Commissioned by: Izaäk Balde
Renovation: about 1720-1740.
In around 1733, the owner expanded his property and gave Frankendael its current appearance. Through the years the garden has changed, but the interior of the house with its 18th century layout and plaster and wood finishing has remained largely intact. From 1835 the gardens were partly open to the well-to-do citizens. The park became a pleasure garden where people from Amsterdam could enjoy their leisure time: they could walk, listen to music, dine ... Old documents show that the pleasure garden at Frankendael was a successful business.
Gemeente Handelskwekerij (municipal nursery)
The house and park was bought by the Koninklijke Nederlandsche Tuinbouwmaatschappij Linnaeus (Royal Dutch Horticultural Society) in 1866 and was converted into a tree nursery. In 1882 the municipality bought the land and established the Amsterdamse Stadskwekerij (Amsterdam City Nursery) here. During the Second World War, and in particular in the winter of 1944-1945, there were great shortages of everything including fire wood. People could hand in a coupon to get a bundle of wood from the Stadskwekerij.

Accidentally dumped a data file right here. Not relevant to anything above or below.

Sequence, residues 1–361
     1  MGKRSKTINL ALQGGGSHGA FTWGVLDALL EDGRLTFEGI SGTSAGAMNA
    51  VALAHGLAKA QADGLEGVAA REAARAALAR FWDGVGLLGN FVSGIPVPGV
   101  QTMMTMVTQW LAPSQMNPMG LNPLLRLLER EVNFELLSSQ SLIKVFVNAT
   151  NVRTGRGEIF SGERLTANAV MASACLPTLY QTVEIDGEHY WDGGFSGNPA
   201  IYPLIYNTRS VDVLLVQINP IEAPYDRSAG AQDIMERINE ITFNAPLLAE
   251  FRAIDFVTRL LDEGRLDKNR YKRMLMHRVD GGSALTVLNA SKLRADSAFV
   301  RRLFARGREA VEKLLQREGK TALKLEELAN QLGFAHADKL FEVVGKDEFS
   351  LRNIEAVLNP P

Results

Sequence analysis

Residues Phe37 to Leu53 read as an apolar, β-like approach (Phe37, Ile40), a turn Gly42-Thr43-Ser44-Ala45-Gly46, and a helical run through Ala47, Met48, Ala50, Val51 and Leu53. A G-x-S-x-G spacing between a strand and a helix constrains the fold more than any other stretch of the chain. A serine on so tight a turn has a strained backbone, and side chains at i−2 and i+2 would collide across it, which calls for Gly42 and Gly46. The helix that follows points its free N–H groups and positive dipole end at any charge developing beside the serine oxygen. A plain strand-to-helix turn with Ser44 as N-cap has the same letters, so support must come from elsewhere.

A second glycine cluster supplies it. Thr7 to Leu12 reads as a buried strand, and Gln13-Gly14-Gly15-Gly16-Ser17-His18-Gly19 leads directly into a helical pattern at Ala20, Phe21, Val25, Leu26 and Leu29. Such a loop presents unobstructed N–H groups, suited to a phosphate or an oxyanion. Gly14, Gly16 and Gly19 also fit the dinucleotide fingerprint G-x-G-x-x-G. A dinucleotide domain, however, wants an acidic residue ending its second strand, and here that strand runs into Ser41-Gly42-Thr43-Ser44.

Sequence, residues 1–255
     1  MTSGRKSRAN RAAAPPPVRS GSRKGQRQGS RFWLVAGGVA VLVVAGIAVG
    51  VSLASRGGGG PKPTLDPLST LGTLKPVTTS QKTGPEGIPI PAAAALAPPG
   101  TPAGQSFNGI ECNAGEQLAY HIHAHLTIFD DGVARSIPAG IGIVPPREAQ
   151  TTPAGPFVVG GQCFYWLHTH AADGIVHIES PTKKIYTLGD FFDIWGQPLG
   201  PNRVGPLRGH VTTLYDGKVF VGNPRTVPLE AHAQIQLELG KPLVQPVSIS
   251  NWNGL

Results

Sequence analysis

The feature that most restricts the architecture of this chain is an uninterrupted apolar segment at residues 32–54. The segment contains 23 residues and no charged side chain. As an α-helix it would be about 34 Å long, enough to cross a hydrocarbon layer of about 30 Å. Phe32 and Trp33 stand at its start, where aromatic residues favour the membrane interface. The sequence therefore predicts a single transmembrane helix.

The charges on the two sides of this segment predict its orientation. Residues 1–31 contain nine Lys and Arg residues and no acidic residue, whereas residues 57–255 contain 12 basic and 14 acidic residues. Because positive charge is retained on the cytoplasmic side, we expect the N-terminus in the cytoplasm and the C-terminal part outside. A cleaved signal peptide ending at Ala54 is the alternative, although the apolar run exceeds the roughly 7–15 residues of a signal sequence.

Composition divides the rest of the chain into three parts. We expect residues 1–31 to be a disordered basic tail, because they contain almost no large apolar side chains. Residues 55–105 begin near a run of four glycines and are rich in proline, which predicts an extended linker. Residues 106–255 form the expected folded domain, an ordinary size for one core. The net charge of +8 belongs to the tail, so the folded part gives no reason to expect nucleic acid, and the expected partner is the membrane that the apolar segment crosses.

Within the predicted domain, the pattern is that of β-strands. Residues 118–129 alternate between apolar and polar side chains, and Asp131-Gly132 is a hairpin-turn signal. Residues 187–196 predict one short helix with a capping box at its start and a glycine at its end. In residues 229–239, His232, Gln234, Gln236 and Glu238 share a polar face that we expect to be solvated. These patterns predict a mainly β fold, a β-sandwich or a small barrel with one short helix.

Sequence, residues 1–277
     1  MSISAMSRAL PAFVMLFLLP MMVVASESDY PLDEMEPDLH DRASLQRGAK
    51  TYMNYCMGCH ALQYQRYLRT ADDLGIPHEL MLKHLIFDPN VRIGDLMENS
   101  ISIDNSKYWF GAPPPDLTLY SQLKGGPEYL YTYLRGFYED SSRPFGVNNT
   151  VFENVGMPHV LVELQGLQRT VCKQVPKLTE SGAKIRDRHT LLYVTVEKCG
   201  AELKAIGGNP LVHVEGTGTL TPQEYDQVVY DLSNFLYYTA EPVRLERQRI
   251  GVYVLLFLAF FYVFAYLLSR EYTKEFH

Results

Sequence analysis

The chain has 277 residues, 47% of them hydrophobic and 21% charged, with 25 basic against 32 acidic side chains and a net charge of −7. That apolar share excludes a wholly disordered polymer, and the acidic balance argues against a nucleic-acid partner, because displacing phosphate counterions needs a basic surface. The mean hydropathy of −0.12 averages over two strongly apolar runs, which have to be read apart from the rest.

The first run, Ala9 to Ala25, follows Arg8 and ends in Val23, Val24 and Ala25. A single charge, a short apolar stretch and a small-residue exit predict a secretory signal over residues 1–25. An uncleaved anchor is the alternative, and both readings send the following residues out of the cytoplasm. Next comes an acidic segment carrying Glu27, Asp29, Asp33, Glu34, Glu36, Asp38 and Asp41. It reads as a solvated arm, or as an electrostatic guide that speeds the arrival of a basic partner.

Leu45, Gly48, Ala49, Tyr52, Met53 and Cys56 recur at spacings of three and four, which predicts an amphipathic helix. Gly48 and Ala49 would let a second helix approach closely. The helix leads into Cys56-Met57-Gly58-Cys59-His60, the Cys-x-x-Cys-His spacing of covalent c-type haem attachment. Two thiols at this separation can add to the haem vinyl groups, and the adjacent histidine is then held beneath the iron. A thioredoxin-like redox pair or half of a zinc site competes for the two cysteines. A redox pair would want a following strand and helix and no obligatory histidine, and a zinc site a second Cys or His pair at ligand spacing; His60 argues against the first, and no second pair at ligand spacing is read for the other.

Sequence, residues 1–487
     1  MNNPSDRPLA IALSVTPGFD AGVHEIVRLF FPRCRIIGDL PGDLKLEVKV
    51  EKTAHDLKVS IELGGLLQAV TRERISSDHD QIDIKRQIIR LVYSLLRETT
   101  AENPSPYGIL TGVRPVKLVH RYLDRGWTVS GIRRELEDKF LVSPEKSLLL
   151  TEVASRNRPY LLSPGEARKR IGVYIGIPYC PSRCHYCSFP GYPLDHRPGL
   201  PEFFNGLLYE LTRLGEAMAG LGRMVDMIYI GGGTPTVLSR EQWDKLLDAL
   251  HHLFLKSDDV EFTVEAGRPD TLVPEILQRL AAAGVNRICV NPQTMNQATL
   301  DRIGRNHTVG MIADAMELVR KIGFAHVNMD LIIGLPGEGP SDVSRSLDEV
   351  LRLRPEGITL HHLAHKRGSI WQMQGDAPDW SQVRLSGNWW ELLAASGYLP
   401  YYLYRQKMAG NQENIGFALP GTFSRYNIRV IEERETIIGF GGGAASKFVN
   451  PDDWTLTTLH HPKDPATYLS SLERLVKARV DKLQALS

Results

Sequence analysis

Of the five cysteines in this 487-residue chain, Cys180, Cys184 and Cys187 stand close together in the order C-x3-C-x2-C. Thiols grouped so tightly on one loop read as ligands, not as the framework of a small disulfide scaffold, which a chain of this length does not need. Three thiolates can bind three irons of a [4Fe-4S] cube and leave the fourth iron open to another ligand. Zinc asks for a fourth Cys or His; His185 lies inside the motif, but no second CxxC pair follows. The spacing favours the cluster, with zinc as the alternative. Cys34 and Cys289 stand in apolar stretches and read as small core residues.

Rear view and garden of Frankendael Manor
De Kas (The Greenhouse)
Frankendael Park today is a favourite neighbourhood park. The large chimneys of the Stadskwekerij still stand, just as the old 1926 greenhouse. The greenhouse was destined for demolition, but it eventually was saved, renovated and now has another use. The eight metre tall building is now the home of the organic restaurant and nursery ‘De Kas’ (The Greenhouse).
Entrance gate Frankendael Park